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What Is Sinusitis? Causes, Symptoms, Risk Factors, Diagnosis And Treatment

| Reviewed By Sandeep Radhakrishnan

Sinusitis is defined as an inflammation or swelling of the tissue lining the paranasal sinuses.

What Are Sinuses?

Sinuses are a connected system of hollow cavities in the skull. The largest sinus cavities are about an inch in length across, while the others are smaller compared to this. They are lined by soft, pink mucous membrane. Maxillary sinuses are the largest sinus present in your cheekbones. The low centre of your forehead is where the frontal sinuses are located. In between your eyes are your ethmoid sinuses. Behind your nose is where your sphenoid sinuses are present. Normally these sinuses are empty except for a thin layer of mucus [1].

The Ethmoid and maxillary sinuses are present since birth. The frontal sinus develops during the second year of life and the sphenoid sinus develops during the third year. Sinuses have small orifices (ostia) which open into recesses (meatus) of the nasal cavities. Meatus are covered by turbinates (conchae). Turbinates consist of bony shelves. There are 3 turbinates and 3 meati in each nasal cavity, namely, superior, middle and inferior [2][3].

An acute inflammatory process, involving one or more of the paranasal sinuses, occurs when the ostia from the sinuses are narrowed or blocked by inflammation or hypertrophy of the mucosa. Maxillary and ethmoid sinuses are most frequently involved among all paranasal sinuses [4].

What Are The Causes Of Sinusitis?

  • Bacterial sinusitis: Streptococcus pneumonia, haemophilus influenza, Beta Hemolytic streptococci, Klebsiella pneumonia.
  • Viral sinusitis: Rhinovirus, influenza virus and adeno virus.
  • Fungal sinusitis: Aspergillus and candida.

What Are The Signs And Symptoms Of Sinusitis?

  • Pressure, pain or tenderness over sinuses
  • Low-grade temperature, Malaise
  • Persistent Nasal discharge, often purulent
  • Postnasal drip - Upper airway cough syndrome
  • Cough that worsens at night
  • Mouth breathing, snoring
  • Sore throat, bad breath
  • Headache
  • Nasal congestion, nasal obstruction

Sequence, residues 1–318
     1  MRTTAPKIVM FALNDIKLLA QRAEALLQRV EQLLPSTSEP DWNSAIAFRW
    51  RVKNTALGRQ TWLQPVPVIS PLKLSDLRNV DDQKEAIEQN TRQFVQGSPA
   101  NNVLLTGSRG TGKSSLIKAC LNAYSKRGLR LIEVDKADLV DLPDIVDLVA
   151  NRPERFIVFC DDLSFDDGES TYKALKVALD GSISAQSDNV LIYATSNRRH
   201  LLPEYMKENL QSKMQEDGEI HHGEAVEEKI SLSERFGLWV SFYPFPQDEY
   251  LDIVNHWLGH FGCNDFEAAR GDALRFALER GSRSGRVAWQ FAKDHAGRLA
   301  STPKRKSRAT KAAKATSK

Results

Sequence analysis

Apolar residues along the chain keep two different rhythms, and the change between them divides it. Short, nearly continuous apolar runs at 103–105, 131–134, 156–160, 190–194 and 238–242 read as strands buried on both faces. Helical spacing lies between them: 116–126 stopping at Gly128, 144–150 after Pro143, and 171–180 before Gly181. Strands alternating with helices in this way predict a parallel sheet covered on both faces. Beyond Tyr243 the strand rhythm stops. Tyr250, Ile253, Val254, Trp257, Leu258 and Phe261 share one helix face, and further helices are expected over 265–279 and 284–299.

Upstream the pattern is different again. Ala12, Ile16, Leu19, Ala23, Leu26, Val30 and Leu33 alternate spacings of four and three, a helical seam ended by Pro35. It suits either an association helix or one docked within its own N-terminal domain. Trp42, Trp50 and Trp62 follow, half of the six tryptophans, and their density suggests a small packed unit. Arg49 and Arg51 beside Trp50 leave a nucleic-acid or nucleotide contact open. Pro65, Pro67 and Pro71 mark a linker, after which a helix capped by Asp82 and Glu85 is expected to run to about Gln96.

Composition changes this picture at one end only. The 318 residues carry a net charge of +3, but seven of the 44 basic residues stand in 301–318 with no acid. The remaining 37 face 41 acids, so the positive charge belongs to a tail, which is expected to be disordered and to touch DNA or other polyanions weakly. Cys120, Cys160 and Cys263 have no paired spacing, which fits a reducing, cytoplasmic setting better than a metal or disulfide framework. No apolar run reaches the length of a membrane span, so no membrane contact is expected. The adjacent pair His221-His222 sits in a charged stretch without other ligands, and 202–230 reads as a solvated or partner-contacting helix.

• Acute sinusitis - oedematous mucosa, discoloured purulent nasal drainage

What Are The Classification Of Sinusitis?

  • Acute sinusitis: respiratory symptoms last up to four weeks.
  • Subacute sinusitis: respiratory symptoms last between 4 to 12 weeks
  • Chronic sinusitis: respiratory symptoms last more than 12 weeks.
  • Recurrent acute: four or more episodes per year with a resolution of symptoms between attacks.

What Are The Risk Factors For Sinusitis?

  • Allergies, nasal deformities, cystic fibrosis, nasal polyps and HIV infection
  • Respiratory tract infection
  • Cold weather
  • Smoking inside the room/house

What Is The Pathophysiology Or Complications Of Sinusitis?

Usually follows rhinitis, which may be due to viral or allergic.

Inflammation and oedema of mucous membranes lining the sinuses lead to obstruction of the sinuses.

With inflammation, the mucosal lining of the sinuses produces mucoid drainage. Bacteria invade and pus accumulates inside the sinus cavities.

If the sinus orifices are blocked by swollen mucosal lining, the pus cannot enter the nose and builds up pressure inside the sinus cavities.

Thus showing signs and symptoms.

And the complications as mentioned below:

  • Cellulitis or abscess
  • Meningitis
  • Brain abscess
  • Wheezing in children with asthma

How Is Sinusitis Diagnosed?

  • Taking a good patient history is very important
  • Physical examination
  • X-ray
  • CT, MRI
  • Nasal Endoscopy - to examine the sinuses, obtain drainage for culture and restore normal drainage
  • Rhinoscopy- Fiber optic examination of the nose

How Is Sinusitis Treated?

Usually, a case of sinusitis is managed through the adoption of the following measures:

  • Antibiotics for 10 to 14 days, depending upon the severity.
  • Antitussive for severe pain and cough
  • Nasal sprays
  • Painkiller if severe pain persists
  • Decongestants to relieve nasal congestion
  • Antihistamines

The non-pharmacological treatment includes the following:

  • Humidifier to relieve the drying of mucous membrane associated with mouth breathing, steam inhalation
  • Increase oral fluid intake (6 to 8 glasses of water)
  • Moist heat over the affected sinus
  • Saline irrigation of nostrils
  • Prolonged warm shower to promote drainage
  • Avoid smoking or exposure to smoke

Surgical management of sinusitis:

  • Functional Endoscopic Sinus Surgery (FESS): uses fibre optic endoscope, diseased tissue which is located by CT scan will be dissected and promote sinus drainage and ventilation and remove decreased tissue and opens ostia.
  • Caldwell-Luc Surgery: Otherwise known as Radical Antrum operation, a radical operation to the maxillary sinus performed through the oral vestibule and the diseased tissues are dissected and drained.
  • Ethmoidectomy: Involves removal of ethmoid air cells, diseased mucosa, nasal polyps or mucocele are removed (mucocele- mucous cyst that leads to repeated infection). Ethmoidectomy is performed in 3 ways; transnasal, transantral and external.
  • Sphenoid Sinus Surgery: Involves the endoscopic technique, removes ethmoid sinus and opens the anterior wall of the sphenoid sinus and the diseased tissue is removed along with mucus membrane lining the sinus.
  • Frontal Sinusectomy: Involves Osteoplastic Flap Operation and the complete removal of diseased mucosa of the frontal sinus.
  • Balloon Sinuplasty: The doctors use an endoscopic, catheter-based system to clear sinus passages of chronic sinusitis patients, allowing normal drainage of sinus fluid without removing tissue inside nasal cavities.
Sandeep RadhakrishnanHospice Care
MBBS
Sandeep Radhakrishnan
Read more about: sinus sinusitis risk factors
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